The Kenai Watershed Forum put a new “river table” to work Tuesday as part of multiple demonstrations about how watersheds work. The table, acquired by the Kenai Soil & Water Conservation District, runs water at an angle amid sand to demonstrate the impact rivers have on their surroundings.
The table is similar in size to a pingpong table, but it’s filled with sand and has piping that circulates water under and on top of it. At a meeting with property owners on Tuesday, the forum’s education specialist, Megan Pike, and media coordinator, Galen Hecht, ran through multiple simulations of water movement.
For example, one attendee placed a miniature house on a bend in the “river.” Initially, the moving water rapidly eroded the area. The placement of vegetation and rocks on the bluff in front of the house, however, slowed the erosion process.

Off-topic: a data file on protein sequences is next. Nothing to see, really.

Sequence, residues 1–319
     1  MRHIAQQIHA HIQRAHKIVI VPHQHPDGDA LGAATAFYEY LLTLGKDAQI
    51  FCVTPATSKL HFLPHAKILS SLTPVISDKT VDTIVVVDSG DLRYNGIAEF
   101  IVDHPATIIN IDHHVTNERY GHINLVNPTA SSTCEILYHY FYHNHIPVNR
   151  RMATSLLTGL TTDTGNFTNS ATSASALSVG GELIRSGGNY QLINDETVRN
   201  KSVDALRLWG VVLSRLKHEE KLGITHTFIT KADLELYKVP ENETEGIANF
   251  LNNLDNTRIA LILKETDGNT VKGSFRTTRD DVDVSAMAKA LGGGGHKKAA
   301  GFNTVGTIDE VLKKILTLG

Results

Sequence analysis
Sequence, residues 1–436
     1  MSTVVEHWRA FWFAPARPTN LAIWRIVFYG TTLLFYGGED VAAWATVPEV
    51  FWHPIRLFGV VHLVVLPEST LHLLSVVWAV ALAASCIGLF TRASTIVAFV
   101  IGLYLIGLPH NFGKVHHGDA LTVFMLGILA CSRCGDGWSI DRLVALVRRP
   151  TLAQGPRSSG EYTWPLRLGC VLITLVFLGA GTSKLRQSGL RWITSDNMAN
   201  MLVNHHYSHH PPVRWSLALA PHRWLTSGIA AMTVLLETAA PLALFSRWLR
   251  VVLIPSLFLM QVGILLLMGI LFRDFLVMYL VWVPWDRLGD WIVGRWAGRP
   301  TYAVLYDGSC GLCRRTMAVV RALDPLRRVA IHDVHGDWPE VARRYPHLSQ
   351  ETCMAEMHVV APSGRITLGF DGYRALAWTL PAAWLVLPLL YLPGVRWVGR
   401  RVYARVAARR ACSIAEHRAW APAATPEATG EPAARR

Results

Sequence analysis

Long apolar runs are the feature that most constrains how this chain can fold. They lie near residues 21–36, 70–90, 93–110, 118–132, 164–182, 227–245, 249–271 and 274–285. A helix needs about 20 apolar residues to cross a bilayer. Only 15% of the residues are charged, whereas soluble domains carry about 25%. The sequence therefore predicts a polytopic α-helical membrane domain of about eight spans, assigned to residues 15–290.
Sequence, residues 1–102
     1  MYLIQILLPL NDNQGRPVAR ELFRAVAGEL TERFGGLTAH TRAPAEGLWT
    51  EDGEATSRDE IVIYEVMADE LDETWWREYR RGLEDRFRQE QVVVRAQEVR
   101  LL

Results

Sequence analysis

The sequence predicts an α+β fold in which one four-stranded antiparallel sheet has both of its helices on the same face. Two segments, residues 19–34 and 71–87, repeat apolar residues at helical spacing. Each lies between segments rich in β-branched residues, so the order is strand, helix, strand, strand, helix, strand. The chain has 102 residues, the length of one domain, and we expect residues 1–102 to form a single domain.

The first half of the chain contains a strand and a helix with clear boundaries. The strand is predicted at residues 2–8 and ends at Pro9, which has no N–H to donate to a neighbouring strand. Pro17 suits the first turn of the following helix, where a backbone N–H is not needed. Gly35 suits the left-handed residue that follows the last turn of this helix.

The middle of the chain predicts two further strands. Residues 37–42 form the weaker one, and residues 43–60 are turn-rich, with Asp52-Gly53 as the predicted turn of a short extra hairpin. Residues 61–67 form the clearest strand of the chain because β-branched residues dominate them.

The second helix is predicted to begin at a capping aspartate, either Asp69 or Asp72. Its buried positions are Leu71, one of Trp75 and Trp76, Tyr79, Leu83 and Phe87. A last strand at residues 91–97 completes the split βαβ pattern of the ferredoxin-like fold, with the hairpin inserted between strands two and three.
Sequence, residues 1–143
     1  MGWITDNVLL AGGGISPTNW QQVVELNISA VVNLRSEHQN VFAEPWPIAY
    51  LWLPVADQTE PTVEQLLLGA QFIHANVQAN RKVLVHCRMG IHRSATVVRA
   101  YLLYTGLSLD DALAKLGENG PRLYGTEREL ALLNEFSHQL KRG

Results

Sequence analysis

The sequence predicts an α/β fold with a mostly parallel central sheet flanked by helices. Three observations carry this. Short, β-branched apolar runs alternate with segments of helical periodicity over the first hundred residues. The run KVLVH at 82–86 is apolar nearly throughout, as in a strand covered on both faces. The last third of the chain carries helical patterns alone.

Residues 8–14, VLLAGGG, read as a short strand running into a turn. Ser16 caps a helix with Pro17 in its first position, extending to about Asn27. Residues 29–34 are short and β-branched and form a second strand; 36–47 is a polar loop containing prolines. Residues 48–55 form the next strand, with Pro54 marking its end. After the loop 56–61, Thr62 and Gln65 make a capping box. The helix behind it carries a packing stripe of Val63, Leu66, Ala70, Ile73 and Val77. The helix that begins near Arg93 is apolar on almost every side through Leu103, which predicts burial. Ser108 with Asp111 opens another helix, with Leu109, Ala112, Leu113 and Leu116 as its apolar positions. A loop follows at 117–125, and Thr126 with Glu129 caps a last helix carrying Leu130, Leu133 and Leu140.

Pike said the event was the second held that day that demonstrated how the table can be used. Elementary school students were shown a similar demonstration and laid out familiar landmarks, such as the Fred Meyer and schools, on the sand. The visual, she said, helps drive the message home.
“We were like, ‘You’re in this watershed, you’re living as a part of it,’ ” Pike said.
Pike said she’s excited to take the table into schools and participate in similar demonstrations in classrooms around the central peninsula.
“Kids are really my audience,” Pike said.
People interested in using or seeing demonstrations of the table can contact the Kenai Soil & Water Conservation District at 907-283-8732.